Cecilia Ferrando, Cy Kim, Atefeh Mhd, Nitesh Sridhar
Our human-machine workflow involve using a sandbox as a zen drawing template. By using sand as the drawing medium, it is easy to create and reset patterns. Modeling sand is on one side a predictable action, on the other it also entails an unpredictable component due to the complex behavior of granular materials.
The workflow was initially designed as follows:
As a pattern or shape is being drawn, Motive captures the motion of the hand tool moving through the sand. Grasshopper takes in a raw CSV file as an input and it preprocesses it in the following way:
- points are oriented in the correct way with respect to the Rhino model
- the points that are not part of the drawn pattern (for example the ones recorded when the hand was moving in or out the area) are dropped
- curves are interpolated and smoothed out
The preprocessed input curve (or curves, in the case of a multiple curve), is passed to a GhPython component that dispatches the input according to determined parameters that are intrinsic to the input. In particular, the code checks whether the input curves are:
- closed, open or self-intersecting
- long or short with respect to the dimensions of the box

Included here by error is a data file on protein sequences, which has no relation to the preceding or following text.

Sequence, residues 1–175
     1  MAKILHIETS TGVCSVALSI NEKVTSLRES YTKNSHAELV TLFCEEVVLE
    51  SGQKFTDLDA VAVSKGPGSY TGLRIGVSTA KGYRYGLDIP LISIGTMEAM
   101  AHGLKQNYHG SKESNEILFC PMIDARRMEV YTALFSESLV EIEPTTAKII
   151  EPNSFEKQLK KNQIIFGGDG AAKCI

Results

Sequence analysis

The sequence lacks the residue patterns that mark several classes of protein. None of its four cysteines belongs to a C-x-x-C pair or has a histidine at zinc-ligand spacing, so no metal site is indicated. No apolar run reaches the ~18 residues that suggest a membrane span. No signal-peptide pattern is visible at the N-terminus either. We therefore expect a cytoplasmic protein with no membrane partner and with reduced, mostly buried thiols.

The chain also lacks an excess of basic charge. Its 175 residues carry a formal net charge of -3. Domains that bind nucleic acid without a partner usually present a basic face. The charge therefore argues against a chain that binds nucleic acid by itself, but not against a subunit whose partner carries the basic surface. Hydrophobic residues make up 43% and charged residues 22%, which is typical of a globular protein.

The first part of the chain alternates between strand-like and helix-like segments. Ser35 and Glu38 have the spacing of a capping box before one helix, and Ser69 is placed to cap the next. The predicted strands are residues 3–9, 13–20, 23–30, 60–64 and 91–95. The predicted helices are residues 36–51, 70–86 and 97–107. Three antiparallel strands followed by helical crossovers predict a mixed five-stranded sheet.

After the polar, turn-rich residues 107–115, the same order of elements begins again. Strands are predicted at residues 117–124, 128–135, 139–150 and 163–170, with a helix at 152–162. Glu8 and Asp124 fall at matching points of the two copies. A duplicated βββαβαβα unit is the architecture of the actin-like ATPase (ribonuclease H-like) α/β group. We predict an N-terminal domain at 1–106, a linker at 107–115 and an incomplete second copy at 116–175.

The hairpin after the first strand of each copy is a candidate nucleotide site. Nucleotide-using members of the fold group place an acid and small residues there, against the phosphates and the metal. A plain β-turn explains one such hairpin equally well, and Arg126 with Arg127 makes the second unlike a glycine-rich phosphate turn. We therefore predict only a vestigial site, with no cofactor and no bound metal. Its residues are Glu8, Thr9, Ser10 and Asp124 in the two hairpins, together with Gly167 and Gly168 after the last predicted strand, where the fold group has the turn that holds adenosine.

- positioned with large or small relative angle with respect to the center or the box
- complex or simple
Depending on the nature of the input, the curves are dispatched to the final implementations in the following way:
Within the mandala/radial symmetry mode, the software reflects and rotates the source curve into the form of a mandala with rotational symmetry that has as a center the center of the box. Differently, the spiral mode rotates the figure with respect to the endpoints of the curve, with a variable scaling factor that decreases the size of the input curve as it is patterned outwards.
The user might choose to draw multiple figures on the canvas. A maximum of four figures is allowed by the system. In this case, a tweening mode interpolates between multiple curves by computing a number of intermediate instances between consecutive curves. These patterning modes will also treat closed curves as objects, aiming to avoid them rather than intersecting with them or trying to cover them. In this way the patterning is reminiscent of the rake lines that are seen in zen gardens which avoid the rocks and small areas of greenery that are located within the garden.
When the offset mode is activated by a closed curve, the implementation follows the same structure as the offset command in Grasshopper, except that a zig-zag transformation is applied as the figure is offsetted outwards. Also, the offset distance is variable.
The purpose of the Zen Robot Garden is to create an experience where the user can view the robot drawing patterns in the sand both as a meditative experience (such as creating a mandala or a zen garden pattern) and as an educational experience to learn how symmetries, scaling and other geometric operations can entail very different results based on a set of different input parameters. There is a component of surprise in seeing what the final sand pattern looks like, and this is due to two elements: